Series: Spark #3
Published by Walker Books Australia on September 1st 2016
Genres: Young Adult, Science Fiction
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"This is the Affinity Project - where freewill is turned to ash."
Evie is out of options. She must comply with the Affinity Project – obey their rules, play their deadly games, give up Jamie. And her losses keep growing...
When she decides to help a small group of Shields trying to affect change, Evie finds herself in the firing line. Counsellor Knox is intent on revealing her secrets and shackling her to the Affinity Project for life. To protect her family, Evie must betray those closest to her.
The odds of success – let alone survival – are slim.
The final thrilling conclusion to the Spark series.
You know when you’re struggling towards a goal, but endless roadblocks are thrown in the way? That has been Evie’s journey throughout the Spark series.
The biggest blockades to her living the life she wants, are the people who make up the Affinity Project. Being a genetically enhanced weapon, Evie is constantly pulled from pillar to post. Everyone acts like they have a say in what she wants to do and who she wants to be, and I was quite annoyed at the adults in the novel at times. In Shield, there’s Knox who wants to breed her for his own science project, and others who want to protect and observe her skills. Can we just let her make her own decisions?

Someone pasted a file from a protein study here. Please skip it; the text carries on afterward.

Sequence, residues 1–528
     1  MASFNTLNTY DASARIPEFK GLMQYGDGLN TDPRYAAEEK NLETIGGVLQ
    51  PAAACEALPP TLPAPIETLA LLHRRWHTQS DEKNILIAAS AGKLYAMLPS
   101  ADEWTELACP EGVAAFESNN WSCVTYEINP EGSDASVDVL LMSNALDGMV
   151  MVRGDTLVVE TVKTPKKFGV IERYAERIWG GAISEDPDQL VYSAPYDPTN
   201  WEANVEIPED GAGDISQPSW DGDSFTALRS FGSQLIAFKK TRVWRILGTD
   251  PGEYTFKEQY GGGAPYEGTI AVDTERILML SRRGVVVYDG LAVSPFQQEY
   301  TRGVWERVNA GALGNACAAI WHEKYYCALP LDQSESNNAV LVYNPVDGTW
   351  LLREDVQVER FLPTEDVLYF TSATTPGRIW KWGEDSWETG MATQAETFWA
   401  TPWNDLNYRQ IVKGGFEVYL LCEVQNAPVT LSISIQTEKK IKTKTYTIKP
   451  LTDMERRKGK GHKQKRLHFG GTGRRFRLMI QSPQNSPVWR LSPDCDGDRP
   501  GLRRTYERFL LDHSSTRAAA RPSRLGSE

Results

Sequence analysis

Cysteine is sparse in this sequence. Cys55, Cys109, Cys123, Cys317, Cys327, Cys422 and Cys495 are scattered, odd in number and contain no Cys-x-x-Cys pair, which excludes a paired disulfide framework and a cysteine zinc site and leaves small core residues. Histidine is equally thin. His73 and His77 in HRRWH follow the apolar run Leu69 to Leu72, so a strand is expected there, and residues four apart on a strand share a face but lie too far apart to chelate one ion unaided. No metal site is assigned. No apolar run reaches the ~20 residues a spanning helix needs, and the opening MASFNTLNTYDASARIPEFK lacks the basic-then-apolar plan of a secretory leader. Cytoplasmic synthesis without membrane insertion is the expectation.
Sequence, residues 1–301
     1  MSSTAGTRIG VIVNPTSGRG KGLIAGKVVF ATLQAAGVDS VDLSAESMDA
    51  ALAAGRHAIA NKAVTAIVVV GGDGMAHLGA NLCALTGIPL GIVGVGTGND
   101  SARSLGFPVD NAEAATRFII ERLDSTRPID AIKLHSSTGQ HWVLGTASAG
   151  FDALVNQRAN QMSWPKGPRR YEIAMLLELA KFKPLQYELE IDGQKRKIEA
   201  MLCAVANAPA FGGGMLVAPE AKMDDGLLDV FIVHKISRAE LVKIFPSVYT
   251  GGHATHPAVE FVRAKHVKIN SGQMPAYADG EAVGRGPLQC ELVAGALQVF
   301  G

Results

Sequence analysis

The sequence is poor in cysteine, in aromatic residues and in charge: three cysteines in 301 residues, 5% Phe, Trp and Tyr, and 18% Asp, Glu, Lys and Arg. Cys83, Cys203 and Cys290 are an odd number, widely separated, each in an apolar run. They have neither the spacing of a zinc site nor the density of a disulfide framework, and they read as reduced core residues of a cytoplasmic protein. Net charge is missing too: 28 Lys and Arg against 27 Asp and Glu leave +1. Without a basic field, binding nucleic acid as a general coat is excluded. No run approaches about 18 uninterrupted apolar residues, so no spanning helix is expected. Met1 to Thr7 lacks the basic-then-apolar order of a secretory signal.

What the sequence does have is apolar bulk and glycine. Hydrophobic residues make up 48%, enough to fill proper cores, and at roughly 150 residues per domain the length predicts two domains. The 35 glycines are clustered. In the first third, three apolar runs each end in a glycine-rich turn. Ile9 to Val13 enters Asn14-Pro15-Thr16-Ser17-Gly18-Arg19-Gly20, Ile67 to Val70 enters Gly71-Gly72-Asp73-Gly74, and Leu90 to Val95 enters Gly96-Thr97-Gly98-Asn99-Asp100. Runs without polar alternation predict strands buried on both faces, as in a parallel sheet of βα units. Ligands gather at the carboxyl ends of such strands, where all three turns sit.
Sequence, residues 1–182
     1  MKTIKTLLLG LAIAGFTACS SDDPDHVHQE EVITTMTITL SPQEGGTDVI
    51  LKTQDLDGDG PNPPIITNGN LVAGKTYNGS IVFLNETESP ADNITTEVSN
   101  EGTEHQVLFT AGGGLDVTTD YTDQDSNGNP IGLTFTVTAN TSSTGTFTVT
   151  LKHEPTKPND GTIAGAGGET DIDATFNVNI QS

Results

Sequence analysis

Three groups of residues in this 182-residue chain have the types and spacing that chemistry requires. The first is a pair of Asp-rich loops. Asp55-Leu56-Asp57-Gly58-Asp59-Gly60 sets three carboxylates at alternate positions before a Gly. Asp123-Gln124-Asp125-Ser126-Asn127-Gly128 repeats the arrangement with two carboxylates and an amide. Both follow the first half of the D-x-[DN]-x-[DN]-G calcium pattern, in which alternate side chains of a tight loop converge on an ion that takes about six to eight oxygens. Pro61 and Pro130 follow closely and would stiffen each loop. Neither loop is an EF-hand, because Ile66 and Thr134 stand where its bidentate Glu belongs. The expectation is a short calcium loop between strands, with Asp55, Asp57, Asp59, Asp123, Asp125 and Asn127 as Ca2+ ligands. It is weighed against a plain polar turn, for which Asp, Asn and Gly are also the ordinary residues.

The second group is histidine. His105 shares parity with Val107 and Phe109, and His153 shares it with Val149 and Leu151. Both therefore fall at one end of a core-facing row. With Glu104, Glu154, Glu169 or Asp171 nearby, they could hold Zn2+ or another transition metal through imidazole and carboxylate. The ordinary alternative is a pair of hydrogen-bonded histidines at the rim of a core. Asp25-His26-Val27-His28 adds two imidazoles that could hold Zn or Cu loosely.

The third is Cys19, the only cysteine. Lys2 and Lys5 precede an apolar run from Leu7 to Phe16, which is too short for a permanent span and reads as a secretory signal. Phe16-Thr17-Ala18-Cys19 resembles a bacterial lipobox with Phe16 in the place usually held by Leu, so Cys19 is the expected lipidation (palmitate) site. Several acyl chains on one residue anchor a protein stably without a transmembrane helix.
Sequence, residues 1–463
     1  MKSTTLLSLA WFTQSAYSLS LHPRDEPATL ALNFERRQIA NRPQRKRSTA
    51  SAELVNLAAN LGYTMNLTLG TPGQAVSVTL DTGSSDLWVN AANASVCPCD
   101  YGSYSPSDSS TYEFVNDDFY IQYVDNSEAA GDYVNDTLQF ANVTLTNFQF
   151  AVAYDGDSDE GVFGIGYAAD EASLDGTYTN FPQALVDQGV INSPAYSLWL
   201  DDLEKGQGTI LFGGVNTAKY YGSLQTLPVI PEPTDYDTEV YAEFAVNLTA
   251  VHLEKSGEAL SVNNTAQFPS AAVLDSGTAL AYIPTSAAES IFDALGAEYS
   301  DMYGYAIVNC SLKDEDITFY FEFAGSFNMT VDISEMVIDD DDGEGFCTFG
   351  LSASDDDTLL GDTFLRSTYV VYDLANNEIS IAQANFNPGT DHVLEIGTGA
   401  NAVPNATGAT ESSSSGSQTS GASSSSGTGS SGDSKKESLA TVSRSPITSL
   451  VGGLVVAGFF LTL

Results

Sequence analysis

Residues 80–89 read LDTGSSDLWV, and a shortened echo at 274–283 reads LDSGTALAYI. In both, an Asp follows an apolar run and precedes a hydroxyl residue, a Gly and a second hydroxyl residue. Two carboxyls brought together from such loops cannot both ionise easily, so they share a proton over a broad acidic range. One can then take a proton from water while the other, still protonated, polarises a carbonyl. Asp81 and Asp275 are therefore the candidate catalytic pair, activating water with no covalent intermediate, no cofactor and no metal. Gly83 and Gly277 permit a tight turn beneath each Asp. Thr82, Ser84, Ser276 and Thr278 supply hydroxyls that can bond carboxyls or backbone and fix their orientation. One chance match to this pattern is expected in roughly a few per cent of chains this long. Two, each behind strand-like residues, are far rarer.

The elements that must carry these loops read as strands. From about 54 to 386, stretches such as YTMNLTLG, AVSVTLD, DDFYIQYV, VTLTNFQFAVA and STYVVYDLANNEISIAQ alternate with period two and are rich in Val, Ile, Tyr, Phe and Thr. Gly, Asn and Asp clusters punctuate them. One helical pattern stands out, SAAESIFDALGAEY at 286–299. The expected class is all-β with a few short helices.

From the young teenager we met in Spark to the strong, resilient woman that we see today, I loved Evie’s character development throughout the series. Shield gives her some defining moments, where she acts on her own instinct much to others’ dismay. I was thankful for her journey throughout the series, where she demonstrates her strength, courage and leadership against all odds.
After reading and loving Spark and Stray, the first 2 books in the series, I actually struggled quite a bit with Shield. Blame it on my bookish amnesia, I actually couldn’t remember a lot of the more scientific concepts behind the DNA manipulation and the Affinity Project. With concepts such as the KMT , synergist connections, de-activations, sparks, proxies and coolers being used throughout the book, not much is recapped or explained again. It builds upon prior knowledge that the reader has gained from following the series, with more concepts being thrown in and expanded upon. While the first book felt a bit info-dumpy with the genetic mutation, I felt Shield went the other way and could’ve fared with with more recapping or explanation of what these concepts were.